Lead and title track Blackstar landed a few weeks back and simply blew me away. A ten-minute epic, effectively two songs knitted into a whole one, it’s mood, instrumentation (drum and bass beats, subculture jazz, near soulful middle section), lyrics, structure and well everything (including the super creepy video – see below) screamed out superior modern alternative pop/rock. The lyrics may be undecipherable, possibly autobiographical, possibly referencing the panic and fear in the world in these times of ISIS seeded terror, but they work with the (at times) barely structured music that still manages to form a complete whole. The middle section is as vocally complete as anything Bowie’s ever sung. The below the surface hook “I’m a Blackstar, I’m a Blackstar” is as triumphant as it is unsettling. This is superior Bowie, it could have sat supremely atop the Diamond Dogs album, quite a compliment. I don’t think I’ll ever tire of listening to it.

It’s hard to catch your breath after such an opening. Track two, Tis A Pity She Was A Whore was underwhelming in it’s demo form as the reverse of late 2013’s genre defying single Sue (Or In A Season Of Crime), here though it’s transformed, full and a different beast. The title comes from a John Ford play and returns to the subject of the terrors of war (in this case WW1), a subject so fruitfully covered by Bowie on The Next Day. It’s features another great, at times jaw dropping Bowie vocal, especially on the lines “man, she punched me like a dude.”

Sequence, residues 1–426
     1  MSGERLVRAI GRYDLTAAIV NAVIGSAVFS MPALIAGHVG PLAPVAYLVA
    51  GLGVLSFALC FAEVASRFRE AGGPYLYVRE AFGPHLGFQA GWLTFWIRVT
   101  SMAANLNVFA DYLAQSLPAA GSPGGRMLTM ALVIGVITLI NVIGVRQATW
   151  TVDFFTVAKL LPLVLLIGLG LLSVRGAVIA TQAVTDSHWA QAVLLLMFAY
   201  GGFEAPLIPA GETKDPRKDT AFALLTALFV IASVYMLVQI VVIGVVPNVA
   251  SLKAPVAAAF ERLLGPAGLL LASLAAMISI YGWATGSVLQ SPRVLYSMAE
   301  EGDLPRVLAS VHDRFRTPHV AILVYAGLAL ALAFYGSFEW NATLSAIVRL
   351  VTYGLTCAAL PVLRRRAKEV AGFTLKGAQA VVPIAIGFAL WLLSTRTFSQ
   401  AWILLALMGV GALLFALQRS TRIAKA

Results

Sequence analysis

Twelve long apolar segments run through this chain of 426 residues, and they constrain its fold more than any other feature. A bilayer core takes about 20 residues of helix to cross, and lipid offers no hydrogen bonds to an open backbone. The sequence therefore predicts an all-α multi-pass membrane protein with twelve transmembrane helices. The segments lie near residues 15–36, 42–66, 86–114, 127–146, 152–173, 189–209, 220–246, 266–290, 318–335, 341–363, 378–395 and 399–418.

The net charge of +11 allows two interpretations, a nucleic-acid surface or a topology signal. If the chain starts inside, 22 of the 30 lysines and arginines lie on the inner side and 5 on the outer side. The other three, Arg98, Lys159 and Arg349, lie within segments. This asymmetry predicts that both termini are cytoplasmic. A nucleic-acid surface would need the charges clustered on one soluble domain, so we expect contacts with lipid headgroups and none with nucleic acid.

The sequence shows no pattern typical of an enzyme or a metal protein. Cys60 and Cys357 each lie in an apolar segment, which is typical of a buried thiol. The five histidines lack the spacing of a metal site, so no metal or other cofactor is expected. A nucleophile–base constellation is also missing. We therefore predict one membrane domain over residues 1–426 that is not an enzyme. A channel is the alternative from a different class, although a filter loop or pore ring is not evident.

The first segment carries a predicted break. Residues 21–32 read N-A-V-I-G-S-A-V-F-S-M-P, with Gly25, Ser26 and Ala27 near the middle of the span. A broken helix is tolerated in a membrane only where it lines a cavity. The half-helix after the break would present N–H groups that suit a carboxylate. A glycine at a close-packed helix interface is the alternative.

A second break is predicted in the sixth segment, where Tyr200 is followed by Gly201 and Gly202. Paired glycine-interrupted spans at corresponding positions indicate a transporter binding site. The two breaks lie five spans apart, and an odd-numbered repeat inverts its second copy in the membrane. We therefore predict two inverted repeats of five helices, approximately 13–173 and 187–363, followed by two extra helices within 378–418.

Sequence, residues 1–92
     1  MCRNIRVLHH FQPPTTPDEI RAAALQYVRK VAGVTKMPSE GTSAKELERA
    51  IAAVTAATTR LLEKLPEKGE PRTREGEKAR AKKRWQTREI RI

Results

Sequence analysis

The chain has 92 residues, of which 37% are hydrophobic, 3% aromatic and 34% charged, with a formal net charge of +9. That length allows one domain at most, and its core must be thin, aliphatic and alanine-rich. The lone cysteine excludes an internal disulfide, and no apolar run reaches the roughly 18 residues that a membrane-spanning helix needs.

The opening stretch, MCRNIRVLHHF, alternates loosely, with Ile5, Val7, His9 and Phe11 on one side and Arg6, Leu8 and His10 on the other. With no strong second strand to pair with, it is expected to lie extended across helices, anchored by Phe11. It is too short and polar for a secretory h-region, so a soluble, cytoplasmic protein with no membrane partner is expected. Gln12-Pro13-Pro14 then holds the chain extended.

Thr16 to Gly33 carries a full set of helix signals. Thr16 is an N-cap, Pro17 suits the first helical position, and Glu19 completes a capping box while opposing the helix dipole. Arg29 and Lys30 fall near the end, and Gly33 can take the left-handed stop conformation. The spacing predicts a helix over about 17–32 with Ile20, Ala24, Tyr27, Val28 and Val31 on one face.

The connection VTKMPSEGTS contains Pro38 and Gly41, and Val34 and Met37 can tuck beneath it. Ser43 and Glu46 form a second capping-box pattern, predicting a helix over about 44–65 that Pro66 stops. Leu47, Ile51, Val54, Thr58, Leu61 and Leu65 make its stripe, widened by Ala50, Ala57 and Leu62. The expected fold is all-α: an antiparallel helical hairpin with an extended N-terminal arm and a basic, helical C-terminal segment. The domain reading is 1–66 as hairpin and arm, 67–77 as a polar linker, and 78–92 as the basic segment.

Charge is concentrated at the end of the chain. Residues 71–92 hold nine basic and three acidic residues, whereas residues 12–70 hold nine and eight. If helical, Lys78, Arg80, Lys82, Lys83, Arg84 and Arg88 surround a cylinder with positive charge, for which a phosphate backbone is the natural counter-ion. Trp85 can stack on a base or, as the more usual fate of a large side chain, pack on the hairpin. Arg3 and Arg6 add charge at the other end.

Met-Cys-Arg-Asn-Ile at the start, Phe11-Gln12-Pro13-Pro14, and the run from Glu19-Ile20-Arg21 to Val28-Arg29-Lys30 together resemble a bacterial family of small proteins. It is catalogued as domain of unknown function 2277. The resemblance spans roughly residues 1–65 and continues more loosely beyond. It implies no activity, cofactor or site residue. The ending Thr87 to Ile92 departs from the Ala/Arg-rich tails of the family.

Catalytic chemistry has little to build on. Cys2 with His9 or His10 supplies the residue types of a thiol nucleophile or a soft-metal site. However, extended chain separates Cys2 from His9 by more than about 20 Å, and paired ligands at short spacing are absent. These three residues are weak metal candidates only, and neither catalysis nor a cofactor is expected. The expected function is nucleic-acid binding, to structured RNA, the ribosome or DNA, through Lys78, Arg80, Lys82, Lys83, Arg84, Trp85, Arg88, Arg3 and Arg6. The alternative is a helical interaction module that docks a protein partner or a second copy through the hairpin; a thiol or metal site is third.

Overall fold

Lazarus is from the play that Bowie has collaborated in the production of. It’s a vastly superior piece of alt.rock with jarring guitars, a steady beat, and mournful sax. The play continues the story of Thomas Newton, whom Bowie played on film back in the 70’s, an alien stranded on earth whilst searching for water for his home world. The lyrics also touch on the biblical character Lazarus who lives after dying. A couple of days ago this song also was released with an accompanying creepy video. The overall feeling so far is of music of intense power, as good as The Next Day was it didn’t have this presence, this confidence.